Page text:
“If it’s priced right and it’s updated, it’s going within a week, sometimes days,” he said. “Some of our listings, we’re getting within two or three days, like 15, 20, 25 showings — multiple offers sometimes.”

Broock listed a home in West Bloomfield and said there was an offer within 24 hours.

She said the market is “crazy.”

“Right now, great time to list your house,” Broock said.

Simon discussed the kind of homes that seem to be selling best.

“Ranches are in high demand,” he said. “With COVID, a lot more people are starting to work out of their homes more — offices, studies, that kind (of) thing are very popular.”

For as crazy as things have been in the real estate market, this year’s peak may not have arrived yet.

“March, April, May tend to be the busiest months, and the last few years, it was really busy,” Simon said. “We’ve seen multiple offers the last few years during the springtime. I think it’s even more right now, but inventory’s extremely low.”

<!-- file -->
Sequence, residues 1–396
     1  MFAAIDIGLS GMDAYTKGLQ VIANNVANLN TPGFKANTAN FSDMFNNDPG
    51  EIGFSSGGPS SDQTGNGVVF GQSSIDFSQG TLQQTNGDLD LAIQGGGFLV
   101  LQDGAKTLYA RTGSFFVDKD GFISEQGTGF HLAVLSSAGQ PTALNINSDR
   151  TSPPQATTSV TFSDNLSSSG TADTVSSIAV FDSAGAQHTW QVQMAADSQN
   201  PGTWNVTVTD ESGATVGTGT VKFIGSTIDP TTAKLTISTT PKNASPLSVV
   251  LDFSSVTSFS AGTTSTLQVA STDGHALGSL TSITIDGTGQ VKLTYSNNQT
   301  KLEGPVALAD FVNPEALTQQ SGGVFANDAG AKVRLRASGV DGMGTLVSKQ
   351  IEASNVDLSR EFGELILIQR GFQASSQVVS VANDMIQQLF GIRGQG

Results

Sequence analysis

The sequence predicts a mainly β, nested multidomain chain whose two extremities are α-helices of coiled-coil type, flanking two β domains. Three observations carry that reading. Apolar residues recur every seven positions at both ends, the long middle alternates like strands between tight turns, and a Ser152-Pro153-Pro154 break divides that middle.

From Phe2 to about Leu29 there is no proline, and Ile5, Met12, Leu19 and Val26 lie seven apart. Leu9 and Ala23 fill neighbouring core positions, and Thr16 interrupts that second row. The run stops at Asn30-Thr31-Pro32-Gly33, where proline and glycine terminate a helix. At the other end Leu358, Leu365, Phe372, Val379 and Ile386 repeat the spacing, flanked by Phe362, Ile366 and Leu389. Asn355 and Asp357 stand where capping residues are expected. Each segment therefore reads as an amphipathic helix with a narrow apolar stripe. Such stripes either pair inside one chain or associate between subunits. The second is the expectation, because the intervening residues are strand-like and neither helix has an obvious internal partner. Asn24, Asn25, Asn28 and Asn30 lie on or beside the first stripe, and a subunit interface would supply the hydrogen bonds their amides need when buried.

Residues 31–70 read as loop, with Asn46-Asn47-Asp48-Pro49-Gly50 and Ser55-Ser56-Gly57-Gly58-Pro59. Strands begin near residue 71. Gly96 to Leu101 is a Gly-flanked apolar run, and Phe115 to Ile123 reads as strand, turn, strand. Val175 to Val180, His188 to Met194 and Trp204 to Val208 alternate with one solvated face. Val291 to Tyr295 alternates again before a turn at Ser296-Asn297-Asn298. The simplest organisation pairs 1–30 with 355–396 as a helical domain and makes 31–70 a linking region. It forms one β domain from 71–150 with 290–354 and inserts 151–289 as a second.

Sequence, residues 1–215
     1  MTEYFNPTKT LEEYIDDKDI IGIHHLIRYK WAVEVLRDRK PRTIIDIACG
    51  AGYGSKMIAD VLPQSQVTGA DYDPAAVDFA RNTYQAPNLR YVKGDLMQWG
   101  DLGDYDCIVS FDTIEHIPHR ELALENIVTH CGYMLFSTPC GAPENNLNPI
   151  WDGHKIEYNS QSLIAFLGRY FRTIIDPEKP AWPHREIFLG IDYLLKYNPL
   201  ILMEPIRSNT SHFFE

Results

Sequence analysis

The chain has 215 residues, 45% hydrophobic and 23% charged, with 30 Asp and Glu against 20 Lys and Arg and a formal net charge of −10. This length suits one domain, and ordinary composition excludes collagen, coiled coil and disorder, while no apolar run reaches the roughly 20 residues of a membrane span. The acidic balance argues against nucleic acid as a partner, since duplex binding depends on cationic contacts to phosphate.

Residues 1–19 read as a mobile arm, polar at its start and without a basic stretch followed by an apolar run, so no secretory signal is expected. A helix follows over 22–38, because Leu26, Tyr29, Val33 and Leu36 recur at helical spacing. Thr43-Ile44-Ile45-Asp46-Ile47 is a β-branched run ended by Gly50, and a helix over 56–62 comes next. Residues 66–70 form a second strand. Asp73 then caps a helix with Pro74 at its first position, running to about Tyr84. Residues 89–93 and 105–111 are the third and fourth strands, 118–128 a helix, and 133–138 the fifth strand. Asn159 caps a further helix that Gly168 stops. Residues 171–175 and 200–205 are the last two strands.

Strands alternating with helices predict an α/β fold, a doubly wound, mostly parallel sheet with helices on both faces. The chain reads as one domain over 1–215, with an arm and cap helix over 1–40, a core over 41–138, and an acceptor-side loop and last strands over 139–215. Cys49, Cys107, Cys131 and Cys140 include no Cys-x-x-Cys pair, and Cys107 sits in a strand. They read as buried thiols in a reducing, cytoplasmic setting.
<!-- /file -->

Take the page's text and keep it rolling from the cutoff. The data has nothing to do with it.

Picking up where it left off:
The current interest rate can make buying a home an urgent matter for some, as Simon said it’s a “great rate.”

“It’s about 3%-ish,” he said. “That’s like really, really low, but they’ll probably be going up soon.”

Aside from inventory not being as high as it could be, going through a loan approval process can also present challenges for potential buyers.

“It can be a little frustrating, the underwriting,” Simon said. “People have to come prepared with documents. You’ll always be asked for more information. It’s kind of frustrating for buyers with all that’s being asked of them.”

Cotter shared advice he would offer to those in the market to buy a home.

“If you’re looking for a house that’s turn-key ready, that has nice updates, that doesn’t need anything done to it, expect to be involved in a multiple-offer situation and potentially pay more than the asking price.”

Cotter also offered a suggestion for sellers.

“Make sure there’s not a lot that needs to be done to your house, because more than ever, buyers want a house that needs very little done to it,” he said. “So if your house is in good shape and nicely updated, you should expect to get over asking price and over what’s considered fair market value.”

For those considering selling, Broock’s advice is to not wait.

As for buyers, she said, “You need a good buyer’s agent.”